George G. Kallis, 88, of Knox, caused several accidents on the interstate by driving the wrong way about 12:30 p.m. Tuesday. Kallis met several vehicles on the interstate and they all swerved to miss Kallis as he traveled northbound in the southbound lanes in I-65. James Denton of Oak Lawn, Illinois was the only injured driver and he was taken to Jasper County Hospital in Rensselaer with neck and back pains. His car was totaled. He had driven his Jeep between two semis and hit one semi’s drive tandems and diesel fuel tanks. This action caused another semi to rear end his vehicle.
The question of when Sysco is breaking ground at the Hamlet site was brought up at the Starke County Commissioners meeting this week. Commission President, Dan Bridegroom, said to Starke County Development Director, Charles Weaver, in a lighthearted way, “I don’t know what to tell people who ask me.”
Bridegroom said he read in last week’s Leader that groundbreaking for the distribution center could be this summer.
Weaver said that he has “no” word that the summer is a consideration for groundbreaking. The last conversation he had with Baugh Midwest Cooperative Inc. is that the project is still viable, but that nothing is going to be done until the economy returns. He said that this added distribution center will cover 12 to 13 states and at the moment with the economy down those states can be serviced through existing centers.
Settling disputes regarding county employee policies in Pulaski County is going to become a lot simpler, thanks to the development of a new personnel policy manual for the county. Paula Reimers of Wagner, Irwin & Sheely appeared before the commissioners to discuss revising the county’s policy handbook. The current handbook, which has not been modified since 1997, may contain current policies that are not compliant with federal standards. The commissioners signed a contract to begin the construction of a new county handbook and policies.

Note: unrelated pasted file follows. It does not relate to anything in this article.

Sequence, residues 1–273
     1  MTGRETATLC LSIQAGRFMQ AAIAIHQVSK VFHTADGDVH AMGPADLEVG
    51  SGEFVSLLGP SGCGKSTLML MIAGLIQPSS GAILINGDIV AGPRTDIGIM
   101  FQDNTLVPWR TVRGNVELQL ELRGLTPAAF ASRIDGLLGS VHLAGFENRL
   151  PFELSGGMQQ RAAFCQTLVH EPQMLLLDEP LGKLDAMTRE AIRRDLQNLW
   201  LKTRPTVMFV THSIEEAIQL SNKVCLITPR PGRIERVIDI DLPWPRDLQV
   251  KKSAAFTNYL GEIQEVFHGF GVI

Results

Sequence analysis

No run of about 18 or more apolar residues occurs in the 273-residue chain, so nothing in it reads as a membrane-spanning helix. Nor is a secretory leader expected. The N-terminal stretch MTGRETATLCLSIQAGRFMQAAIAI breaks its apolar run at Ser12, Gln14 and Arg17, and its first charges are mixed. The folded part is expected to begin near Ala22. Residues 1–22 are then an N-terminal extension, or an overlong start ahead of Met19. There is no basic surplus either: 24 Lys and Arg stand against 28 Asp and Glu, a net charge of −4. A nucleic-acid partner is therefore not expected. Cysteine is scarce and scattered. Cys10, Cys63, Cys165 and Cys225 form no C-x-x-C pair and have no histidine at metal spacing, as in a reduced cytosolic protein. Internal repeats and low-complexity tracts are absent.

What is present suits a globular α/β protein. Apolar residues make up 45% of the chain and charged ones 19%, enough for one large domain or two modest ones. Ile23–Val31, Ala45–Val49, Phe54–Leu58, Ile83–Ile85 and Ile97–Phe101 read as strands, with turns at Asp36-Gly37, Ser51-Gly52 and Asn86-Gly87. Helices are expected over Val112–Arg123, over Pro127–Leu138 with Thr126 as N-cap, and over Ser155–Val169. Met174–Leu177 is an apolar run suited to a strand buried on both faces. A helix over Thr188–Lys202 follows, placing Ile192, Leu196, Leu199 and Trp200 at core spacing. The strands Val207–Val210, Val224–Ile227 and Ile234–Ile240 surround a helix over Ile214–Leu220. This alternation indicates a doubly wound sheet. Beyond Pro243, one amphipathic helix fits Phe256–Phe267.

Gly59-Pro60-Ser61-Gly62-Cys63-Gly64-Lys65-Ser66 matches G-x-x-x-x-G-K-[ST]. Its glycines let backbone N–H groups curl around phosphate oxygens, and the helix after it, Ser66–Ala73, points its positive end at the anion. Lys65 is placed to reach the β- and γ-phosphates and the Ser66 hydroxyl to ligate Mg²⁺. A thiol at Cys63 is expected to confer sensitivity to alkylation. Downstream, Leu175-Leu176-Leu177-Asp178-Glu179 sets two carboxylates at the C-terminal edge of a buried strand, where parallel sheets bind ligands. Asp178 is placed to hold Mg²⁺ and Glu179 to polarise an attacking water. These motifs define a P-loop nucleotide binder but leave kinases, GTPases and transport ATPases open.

Officers from the Hamlet Police Department arrested Brandon White, of Hamlet, on methamphetamine charges, Friday, February 4th, after conducting a search warrant in the Hamlet Trailer Court.
According to Police Chief Jeremiah Patrick, Hamlet police received a tip concerning drug activity at the Hamlet Trailer Park at lot #15. Officers went to the residence and spoke with the homeowner concerning the tip. Based on information received, officers were granted a search warrant. The search warrant was executed and officers discovered illegal drugs as well as items used to manufacture illegal drugs in the home.
A group is being assembled under the direction of Knox Middle School Principal, Steve Cronk, to preserve the old Jackson Township School. If the school is actually preserved, it would possibly be placed on a slab behind the WKVI building on property owned by the Knox Community School Corporation.
Later this month, Todd Ziker from the Indiana Landmarks Organization will come to Knox to meet with the group Mr. Cronk is organizing to explore the feasibility of moving and remodeling the building, which would turn into a one-room school museum. Jerry Jernas, whose property the building is on, has the old bell that called the students to come in for the start of school and from the playground.
Mr. Cronk, who is retiring at the end of the school year, said this is something he has wanted to do for some time.
The Starke-Pulaski Junior Achievement Organization is gearing up for a night of bowling at Bowlaway Lanes in Knox. This is the first of what is hoped to be an annual fund-raising event, and it will be held Wednesday night, February 23rd.